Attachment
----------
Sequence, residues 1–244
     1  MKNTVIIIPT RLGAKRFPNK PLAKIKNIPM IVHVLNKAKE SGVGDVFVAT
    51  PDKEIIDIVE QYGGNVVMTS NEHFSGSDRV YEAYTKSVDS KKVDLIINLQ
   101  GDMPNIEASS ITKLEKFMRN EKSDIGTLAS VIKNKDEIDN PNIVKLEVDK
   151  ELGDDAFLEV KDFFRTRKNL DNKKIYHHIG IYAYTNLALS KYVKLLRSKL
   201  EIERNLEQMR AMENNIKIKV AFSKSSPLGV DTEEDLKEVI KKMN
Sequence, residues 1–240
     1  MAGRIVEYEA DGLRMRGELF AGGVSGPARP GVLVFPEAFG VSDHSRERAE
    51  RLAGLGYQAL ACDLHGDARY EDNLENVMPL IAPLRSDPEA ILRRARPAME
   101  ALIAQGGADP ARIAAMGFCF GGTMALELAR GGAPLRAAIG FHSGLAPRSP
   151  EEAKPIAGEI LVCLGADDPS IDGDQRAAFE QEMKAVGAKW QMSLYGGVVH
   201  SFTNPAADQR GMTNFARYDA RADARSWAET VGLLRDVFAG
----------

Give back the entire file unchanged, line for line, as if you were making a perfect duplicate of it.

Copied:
Sequence, residues 1–244
     1  MKNTVIIIPT RLGAKRFPNK PLAKIKNIPM IVHVLNKAKE SGVGDVFVAT
    51  PDKEIIDIVE QYGGNVVMTS NEHFSGSDRV YEAYTKSVDS KKVDLIINLQ
   101  GDMPNIEASS ITKLEKFMRN EKSDIGTLAS VIKNKDEIDN PNIVKLEVDK
   151  ELGDDAFLEV KDFFRTRKNL DNKKIYHHIG IYAYTNLALS KYVKLLRSKL
   201  EIERNLEQMR AMENNIKIKV AFSKSSPLGV DTEEDLKEVI KKMN
Sequence, residues 1–240
     1  MAGRIVEYEA DGLRMRGELF AGGVSGPARP GVLVFPEAFG VSDHSRERAE
    51  RLAGLGYQAL ACDLHGDARY EDNLENVMPL IAPLRSDPEA ILRRARPAME
   101  ALIAQGGADP ARIAAMGFCF GGTMALELAR GGAPLRAAIG FHSGLAPRSP
   151  EEAKPIAGEI LVCLGADDPS IDGDQRAAFE QEMKAVGAKW QMSLYGGVVH
   201  SFTNPAADQR GMTNFARYDA RADARSWAET VGLLRDVFAG